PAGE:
Wet rooms are therefore tiled from top to bottom, and sometimes, the ceiling is tiled as well. Beneath that tile surface, apply waterproof coats of primer and gel membranes. You can then lay your tile or slab above this tanked layer, making the floor and wall impermeable to moisture.
Materials you can safely use in your wet room
The most important part of your wet room is the waterproof substrate. Once that’s securely installed, you can use any water-friendly material. This naturally leaves out wood, but you can get ceramic tiles with wood grain patterns. Or sugari sandstone, which looks like wood grain too.
As a basic rule, if you can use it for poolside coping, then you can use it in your wet room. Why? Because poolside paving is specifically designed to resist salt, chlorine, random splashes, and consistent submersion in pool water. Apart from chlorine, all these apply to your wet room.
Natural stone is a popular choice. It’s porous, but thorough tanking resolves this problem. That said, excess water seeping through your stone floor’s pores can still cause problems, so you’ll have to frequently seal your stone to limit the moisture passing through it. That’s an extra cost.
Invest in a hand-held faucet
For many of us, the joy of a shower is in the water’s temperature and pressure. And when you’re using a wet room, all that water splashing everywhere can feel overwhelming. If your bathroom is on the larger side, you might also feel exposed. Not to mention, nobody likes wet toilet seats.
You can heighten your wet room spa experience by installing extra water jets at different levels of the shower walls, but that may need a partial glass door to contain the water. Alternatively, a hand-held shower head lets you direct water at will, giving you more control over water flow.
Hand-held shower faucets are also helpful for cleaning your wet room, because you can point the water where you want it to go. To keep your wet room spotless and enhance hygiene, you can install a waterproof exhaust fan to go with the underfloor heating. They dry the wet room more quickly.
Protect the rest of the house
While the whole wet room has an even floor, the rest of the house isn’t waterproof. So you want water from the bathroom to stay inside the bathroom. You could achieve this by installing or raising the bathroom ‘step’ i.e. the threshold that marks your bathroom entrance.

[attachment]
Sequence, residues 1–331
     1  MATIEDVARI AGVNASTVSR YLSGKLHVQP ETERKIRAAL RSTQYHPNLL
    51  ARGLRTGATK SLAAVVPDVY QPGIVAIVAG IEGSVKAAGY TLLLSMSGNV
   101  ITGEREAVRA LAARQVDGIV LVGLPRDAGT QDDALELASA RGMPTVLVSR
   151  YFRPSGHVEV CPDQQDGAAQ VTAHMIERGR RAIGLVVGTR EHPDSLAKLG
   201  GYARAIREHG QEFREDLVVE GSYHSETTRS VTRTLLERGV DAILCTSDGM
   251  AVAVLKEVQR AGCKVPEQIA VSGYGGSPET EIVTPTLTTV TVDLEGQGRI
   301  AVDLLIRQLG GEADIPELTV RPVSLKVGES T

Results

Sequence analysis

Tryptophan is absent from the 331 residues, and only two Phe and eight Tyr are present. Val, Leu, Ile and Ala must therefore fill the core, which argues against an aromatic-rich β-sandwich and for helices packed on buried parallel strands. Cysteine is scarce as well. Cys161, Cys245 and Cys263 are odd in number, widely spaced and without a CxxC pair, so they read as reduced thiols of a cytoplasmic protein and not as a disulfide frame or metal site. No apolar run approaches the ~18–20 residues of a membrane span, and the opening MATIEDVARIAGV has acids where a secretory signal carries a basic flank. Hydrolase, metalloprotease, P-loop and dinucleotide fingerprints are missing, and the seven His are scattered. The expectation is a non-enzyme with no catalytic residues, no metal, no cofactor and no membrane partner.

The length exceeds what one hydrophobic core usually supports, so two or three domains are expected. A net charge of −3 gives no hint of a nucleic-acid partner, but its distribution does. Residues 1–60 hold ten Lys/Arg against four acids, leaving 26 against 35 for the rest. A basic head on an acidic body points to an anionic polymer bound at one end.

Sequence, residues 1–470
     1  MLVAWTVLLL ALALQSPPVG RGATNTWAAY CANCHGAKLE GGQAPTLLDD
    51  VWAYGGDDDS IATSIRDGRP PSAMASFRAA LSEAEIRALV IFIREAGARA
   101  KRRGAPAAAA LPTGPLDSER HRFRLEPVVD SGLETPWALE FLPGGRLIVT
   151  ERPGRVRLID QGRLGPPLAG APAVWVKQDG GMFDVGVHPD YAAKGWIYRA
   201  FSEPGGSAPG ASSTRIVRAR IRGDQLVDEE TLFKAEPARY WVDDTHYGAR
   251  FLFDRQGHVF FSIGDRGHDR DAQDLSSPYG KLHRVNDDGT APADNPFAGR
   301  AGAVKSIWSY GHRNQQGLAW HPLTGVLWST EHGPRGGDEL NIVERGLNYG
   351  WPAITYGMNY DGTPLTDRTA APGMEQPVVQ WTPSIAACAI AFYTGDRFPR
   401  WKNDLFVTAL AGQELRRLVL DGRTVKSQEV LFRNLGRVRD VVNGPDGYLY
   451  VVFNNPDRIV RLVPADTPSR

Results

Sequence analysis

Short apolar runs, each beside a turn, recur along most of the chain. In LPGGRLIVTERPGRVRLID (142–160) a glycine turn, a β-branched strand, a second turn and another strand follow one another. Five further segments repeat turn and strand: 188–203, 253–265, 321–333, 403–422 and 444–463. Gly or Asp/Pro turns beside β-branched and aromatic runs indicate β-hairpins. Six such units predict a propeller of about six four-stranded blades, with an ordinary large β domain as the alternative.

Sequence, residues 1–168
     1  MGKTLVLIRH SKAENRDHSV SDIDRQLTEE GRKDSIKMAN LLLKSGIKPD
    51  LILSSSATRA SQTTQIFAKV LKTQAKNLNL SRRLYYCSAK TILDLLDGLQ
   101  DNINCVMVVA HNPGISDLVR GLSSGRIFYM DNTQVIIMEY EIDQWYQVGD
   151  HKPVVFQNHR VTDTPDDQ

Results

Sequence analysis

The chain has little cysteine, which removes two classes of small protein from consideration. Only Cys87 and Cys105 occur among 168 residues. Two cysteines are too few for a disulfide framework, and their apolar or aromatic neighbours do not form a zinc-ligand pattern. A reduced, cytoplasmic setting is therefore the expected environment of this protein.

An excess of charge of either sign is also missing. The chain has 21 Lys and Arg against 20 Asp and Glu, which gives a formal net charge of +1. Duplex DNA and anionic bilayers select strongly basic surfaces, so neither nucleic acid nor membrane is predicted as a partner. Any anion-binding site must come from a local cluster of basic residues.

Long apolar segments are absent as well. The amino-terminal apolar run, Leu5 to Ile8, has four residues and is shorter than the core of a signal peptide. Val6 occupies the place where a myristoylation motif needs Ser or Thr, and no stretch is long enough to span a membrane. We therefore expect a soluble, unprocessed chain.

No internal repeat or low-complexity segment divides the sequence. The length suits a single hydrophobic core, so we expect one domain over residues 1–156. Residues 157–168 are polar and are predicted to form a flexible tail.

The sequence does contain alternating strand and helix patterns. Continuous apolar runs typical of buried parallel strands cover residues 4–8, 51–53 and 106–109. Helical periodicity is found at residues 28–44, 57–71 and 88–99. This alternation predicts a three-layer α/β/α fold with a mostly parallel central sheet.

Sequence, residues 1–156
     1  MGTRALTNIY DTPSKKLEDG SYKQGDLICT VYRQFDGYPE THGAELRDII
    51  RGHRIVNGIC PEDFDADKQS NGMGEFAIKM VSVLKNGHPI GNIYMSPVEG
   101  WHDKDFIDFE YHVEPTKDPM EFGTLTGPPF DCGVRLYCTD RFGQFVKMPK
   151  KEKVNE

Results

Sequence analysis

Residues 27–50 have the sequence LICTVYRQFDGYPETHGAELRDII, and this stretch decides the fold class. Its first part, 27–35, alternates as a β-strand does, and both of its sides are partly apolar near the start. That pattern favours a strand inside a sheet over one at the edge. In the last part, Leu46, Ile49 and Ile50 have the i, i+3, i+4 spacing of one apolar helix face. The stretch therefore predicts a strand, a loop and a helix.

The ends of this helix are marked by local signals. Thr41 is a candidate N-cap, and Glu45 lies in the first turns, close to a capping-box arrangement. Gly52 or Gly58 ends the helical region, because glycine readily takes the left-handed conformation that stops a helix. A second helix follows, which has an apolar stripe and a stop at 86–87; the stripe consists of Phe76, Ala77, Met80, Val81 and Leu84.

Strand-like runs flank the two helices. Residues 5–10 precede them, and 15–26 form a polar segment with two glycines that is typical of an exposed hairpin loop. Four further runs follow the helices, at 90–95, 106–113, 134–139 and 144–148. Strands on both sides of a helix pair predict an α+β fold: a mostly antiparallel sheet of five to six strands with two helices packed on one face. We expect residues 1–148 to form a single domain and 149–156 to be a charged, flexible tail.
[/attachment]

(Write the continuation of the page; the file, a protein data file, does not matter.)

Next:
This won’t work if your reason for refurbishment was to accommodate older household members. In that case, the raised threshold could end up being a barrier to their mobility. Also, remember that wet rooms introduce more water into your home, so update your insurance.
Wet room kits can be installed in a day or less, and the process doesn’t disrupt the rest of the house. Meaning wet room conversion is the fastest and most convenient way to upgrade your bathroom and refresh your house. Just remember to include recessed waterproof shelving.
Wet room with a tub
If you’re really attached to your bathtub, you can still make it work with your wet room. Pave your tub with the same color and style of tile as the rest of the wet room. If it’s a corner tub built into the wall, consider pulling it out and replacing it with something freestanding.
Why? A standalone tub creates more space and allows you to maintain a uniform floor level, which is one of the distinguishing elements of a wet room. Standalone tubs can be scrubbed all around, so there’s less chance of mold or mildew, giving your room a cleaner look.
You can position your shower head to drain into the tub, whether it’s a portable head or a fixed one attached to the ceiling or wall. And if the tub is negotiable, install two or three parallel shower heads for a new type of his-and-hers bathroom. It’s great for bath-time intimacy.
Wet and wonderful
Should you install a wet room? Yes, if you want to. As you can see, it’s not as complex as it seems. Ensure a smooth, continuous floor that slopes towards the drain. Take out all partitions to give the room an open feel, but consider partial glass doors for anti-splashing and hygiene.
Make sure the entire wall, floors, and even the ceiling are all treated with waterproof layers beneath your surface tile. Buy a ready-made DIY wet room kit, or hire professional, licensed plumbers. Do you have any other wet room dreams? Tell us about them in the comments!